Posted by: Patricia Salkin | March 25, 2015

Sixth Circuit Court of Appeals Holds Special Use Requirement for Residential Substance Abuse Facility is not Discriminatory

In this case, Get Back Up, Inc., operated a 160 bed all male residential substance abuse treatment facility in the City of Detroit.  Get Back Up sought a conditional use permit application to operate in an unused school building it purchased from the Detroit Public Schools, the City’s Board of Zoning Appeals denied Get Back Up a permit to operate its facility in an area of the City zoned for general business and historic use.  The B4-H District allows boarding schools, child care institutions, nursing homes, religious residential facilities, adult day care centers, hospitals, libraries and religious institutions (among other uses) by right.  “Residential substance abuse service facilities” is listed as one of several conditional uses requiring the satisfaction of 15 stated criteria before being allowed.  Get Back Up originally received approval from the Building Safety and Engineering Department, but the Russell Woods-Sullivan Area Homeowners Association appealed the approval to the Board of Zoning Appeals (BZA).  The BZA voted to reverse the decision.  Get Back Up appealed to the trial court and following a protracted legal dispute the trial court affirmed the BZA’s denial.  Appeals to the Michigan Court of Appeals and Supreme Court were unsuccessful so  Get Back Up filed a complaint in federal court, alleging violations of the American’s with Disabilities Act, the Rehabilitation Act, and the Fair Housing Act.  The federal district court held for the city, and Get Back Up appealed. The issue was whether a city zoning ordinance violates federal antidiscrimination laws when it requires a residential facility for the treatment of substance abuse to obtain a conditional use permit to operate in a business district.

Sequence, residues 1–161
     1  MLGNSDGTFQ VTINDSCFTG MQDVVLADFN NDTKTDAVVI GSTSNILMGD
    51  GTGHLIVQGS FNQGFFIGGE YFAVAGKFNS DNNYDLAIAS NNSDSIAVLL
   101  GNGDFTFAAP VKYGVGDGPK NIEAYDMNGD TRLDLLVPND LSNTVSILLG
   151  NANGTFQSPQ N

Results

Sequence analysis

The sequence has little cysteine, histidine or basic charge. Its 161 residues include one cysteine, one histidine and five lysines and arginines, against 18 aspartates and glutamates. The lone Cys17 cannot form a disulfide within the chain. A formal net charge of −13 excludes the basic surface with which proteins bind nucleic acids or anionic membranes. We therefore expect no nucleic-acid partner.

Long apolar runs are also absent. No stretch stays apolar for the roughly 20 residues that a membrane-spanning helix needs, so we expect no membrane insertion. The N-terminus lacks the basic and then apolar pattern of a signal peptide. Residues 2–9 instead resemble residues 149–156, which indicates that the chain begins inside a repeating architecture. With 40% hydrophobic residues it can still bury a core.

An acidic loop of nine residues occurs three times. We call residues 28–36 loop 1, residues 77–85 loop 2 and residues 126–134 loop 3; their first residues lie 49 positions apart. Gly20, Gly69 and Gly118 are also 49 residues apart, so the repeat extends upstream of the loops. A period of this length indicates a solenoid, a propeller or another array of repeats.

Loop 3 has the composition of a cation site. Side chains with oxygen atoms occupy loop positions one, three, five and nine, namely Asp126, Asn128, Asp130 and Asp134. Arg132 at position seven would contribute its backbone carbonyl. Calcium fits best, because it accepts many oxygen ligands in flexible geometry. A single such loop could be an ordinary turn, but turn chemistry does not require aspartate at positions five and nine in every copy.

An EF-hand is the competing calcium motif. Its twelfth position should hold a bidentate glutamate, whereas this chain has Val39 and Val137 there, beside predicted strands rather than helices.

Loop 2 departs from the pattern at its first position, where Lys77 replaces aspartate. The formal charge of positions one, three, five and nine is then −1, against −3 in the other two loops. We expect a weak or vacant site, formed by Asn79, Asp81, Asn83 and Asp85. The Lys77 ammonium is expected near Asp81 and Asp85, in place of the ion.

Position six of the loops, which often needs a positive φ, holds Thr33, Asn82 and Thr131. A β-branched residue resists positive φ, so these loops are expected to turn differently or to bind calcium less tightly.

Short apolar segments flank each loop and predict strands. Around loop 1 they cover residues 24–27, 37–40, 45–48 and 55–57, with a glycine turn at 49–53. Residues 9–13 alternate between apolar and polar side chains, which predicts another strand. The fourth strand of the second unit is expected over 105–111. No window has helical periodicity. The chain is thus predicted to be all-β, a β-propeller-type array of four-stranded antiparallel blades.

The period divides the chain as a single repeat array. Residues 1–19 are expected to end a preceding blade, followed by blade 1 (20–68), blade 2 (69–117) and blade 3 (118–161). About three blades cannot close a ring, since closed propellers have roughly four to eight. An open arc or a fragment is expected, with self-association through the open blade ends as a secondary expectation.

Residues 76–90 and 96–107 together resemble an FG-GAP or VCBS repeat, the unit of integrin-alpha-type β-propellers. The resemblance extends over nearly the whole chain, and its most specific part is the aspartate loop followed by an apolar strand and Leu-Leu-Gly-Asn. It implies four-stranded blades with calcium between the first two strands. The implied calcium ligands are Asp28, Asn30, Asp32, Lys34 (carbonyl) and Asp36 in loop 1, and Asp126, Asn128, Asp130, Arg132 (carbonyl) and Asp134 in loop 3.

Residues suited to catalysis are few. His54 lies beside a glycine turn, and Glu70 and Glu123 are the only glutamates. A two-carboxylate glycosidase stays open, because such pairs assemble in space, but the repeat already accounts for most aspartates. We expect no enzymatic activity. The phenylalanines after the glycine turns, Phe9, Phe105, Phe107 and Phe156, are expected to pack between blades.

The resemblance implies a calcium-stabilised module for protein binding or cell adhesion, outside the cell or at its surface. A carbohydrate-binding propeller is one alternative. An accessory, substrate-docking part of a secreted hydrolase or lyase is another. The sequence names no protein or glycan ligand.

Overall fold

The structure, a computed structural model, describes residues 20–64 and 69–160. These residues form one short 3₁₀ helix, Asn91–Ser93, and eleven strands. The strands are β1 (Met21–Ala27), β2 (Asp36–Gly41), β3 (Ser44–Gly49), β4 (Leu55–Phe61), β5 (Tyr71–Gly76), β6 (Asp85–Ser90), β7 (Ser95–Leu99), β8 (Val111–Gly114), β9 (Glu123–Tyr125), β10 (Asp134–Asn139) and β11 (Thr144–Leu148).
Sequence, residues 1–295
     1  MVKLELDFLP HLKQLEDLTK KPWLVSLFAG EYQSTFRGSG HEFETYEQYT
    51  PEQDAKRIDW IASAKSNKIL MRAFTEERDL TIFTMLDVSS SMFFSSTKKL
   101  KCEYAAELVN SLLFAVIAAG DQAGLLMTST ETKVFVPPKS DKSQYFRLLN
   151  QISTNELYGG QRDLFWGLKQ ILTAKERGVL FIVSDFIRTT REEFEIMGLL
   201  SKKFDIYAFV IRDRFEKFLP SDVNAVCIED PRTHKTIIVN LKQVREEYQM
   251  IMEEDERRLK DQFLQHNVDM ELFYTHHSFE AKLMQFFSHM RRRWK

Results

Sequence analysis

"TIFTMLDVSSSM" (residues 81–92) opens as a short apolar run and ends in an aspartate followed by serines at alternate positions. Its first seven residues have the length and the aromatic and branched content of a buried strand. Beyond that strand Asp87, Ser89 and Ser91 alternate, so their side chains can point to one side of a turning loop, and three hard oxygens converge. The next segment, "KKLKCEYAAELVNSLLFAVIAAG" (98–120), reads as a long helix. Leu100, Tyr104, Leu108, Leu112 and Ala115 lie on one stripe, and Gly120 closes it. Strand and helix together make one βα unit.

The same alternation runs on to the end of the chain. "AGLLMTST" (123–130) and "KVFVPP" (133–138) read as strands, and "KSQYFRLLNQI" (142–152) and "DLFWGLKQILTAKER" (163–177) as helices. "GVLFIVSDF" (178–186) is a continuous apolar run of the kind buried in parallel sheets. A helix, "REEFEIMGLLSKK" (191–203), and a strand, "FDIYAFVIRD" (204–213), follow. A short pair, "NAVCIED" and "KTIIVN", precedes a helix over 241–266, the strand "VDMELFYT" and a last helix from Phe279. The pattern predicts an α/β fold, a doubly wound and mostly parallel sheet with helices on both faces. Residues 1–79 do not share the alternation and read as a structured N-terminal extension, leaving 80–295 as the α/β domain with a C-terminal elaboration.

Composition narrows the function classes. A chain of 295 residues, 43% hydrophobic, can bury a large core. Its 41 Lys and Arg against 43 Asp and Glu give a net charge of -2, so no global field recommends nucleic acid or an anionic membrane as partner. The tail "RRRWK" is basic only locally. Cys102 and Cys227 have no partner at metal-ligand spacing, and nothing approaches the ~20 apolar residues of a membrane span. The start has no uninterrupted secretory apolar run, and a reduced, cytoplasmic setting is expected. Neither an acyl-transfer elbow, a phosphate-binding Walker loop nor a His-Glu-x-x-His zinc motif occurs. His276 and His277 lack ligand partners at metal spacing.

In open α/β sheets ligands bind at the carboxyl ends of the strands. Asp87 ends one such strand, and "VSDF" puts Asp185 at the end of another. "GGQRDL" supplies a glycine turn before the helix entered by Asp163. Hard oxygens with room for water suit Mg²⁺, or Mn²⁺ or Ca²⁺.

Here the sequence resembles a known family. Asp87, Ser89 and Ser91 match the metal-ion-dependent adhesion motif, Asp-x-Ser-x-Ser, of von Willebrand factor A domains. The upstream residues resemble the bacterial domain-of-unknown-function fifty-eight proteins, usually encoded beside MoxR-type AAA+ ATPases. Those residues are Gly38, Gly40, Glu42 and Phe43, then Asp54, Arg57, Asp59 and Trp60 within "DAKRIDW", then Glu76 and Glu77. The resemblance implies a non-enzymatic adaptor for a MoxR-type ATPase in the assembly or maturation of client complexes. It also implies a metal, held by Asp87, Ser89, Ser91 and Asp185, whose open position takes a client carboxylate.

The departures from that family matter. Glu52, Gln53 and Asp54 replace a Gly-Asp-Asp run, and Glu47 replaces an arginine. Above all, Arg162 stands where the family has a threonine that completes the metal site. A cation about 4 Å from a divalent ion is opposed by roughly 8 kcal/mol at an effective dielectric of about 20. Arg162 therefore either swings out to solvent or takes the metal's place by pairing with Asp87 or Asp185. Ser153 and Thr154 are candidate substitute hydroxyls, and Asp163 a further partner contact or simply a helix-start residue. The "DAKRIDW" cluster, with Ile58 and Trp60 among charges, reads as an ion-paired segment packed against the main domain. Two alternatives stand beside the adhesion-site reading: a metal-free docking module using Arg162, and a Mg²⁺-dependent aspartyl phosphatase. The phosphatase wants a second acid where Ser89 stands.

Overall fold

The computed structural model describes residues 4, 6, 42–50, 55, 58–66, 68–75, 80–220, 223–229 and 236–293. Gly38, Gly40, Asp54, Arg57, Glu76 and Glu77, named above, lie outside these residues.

At the outset the court noted, nursing homes and hospitals, cited by Get Back Up are not similar uses to the residential treatment facilities. Accordingly, because there were no materially similar uses that may operate by right in a B4 zoning district, the ordinance was not facially discriminatory. Moreover, Get Back Up failed to offer any direct evidence of discriminatory intent. As to the vagueness argument, the court stated that zoning ordinances must be sufficiently clear to “give the person of ordinary intelligence a reasonable opportunity to know what is prohibited,” and to “provide explicit standards for those who apply them.” Here, the terms at issue, “detrimental to or endanger the social, physical, environmental or economic well being of surrounding neighborhoods,” “use and enjoyment of other property in the immediate vicinity,” and “compatible with adjacent land uses” are terms with “common-sense meanings” and are not so vague in their application that they fail to provide fair notice to applicants or fail to provide fair notice to applicants or fail to provide standards to guide Board of Zoning Appeals decisions. Finally, the court held that unlike in a First Amendment challenge to a prior restraint on protected expression, the vagueness doctrine applies with special force in the context of prior restraints, where an ordinance must provide “narrow, objective, and definite standards.” Accordingly, the decision of the district court was affirmed.

Get Back Up, Inc v City of Detroit, 2015 WL 1089662 (6th cir. unpub. 3/13/2015)

The opinion can be accessed at:

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